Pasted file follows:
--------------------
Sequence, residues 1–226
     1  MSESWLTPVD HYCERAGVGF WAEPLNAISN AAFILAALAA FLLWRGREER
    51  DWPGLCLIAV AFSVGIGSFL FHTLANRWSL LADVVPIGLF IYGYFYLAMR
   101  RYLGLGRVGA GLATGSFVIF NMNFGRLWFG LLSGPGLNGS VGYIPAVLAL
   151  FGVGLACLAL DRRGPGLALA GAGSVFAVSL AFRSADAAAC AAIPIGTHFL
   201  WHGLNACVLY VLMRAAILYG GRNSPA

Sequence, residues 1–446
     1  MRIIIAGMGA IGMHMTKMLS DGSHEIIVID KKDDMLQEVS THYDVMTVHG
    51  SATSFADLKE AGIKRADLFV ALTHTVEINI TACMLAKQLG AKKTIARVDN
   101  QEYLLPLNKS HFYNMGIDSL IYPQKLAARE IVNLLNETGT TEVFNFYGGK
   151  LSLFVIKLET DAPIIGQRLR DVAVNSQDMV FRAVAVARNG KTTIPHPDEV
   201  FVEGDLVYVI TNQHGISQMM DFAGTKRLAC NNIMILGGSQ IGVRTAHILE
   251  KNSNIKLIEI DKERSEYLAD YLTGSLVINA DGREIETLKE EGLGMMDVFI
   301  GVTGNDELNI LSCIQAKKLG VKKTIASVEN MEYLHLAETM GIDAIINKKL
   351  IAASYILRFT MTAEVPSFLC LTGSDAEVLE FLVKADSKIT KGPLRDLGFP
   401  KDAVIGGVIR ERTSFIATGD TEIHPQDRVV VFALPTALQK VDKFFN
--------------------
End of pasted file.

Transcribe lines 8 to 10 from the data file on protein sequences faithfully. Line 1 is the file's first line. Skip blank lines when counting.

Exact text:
     1  MRIIIAGMGA IGMHMTKMLS DGSHEIIVID KKDDMLQEVS THYDVMTVHG
    51  SATSFADLKE AGIKRADLFV ALTHTVEINI TACMLAKQLG AKKTIARVDN
   101  QEYLLPLNKS HFYNMGIDSL IYPQKLAARE IVNLLNETGT TEVFNFYGGK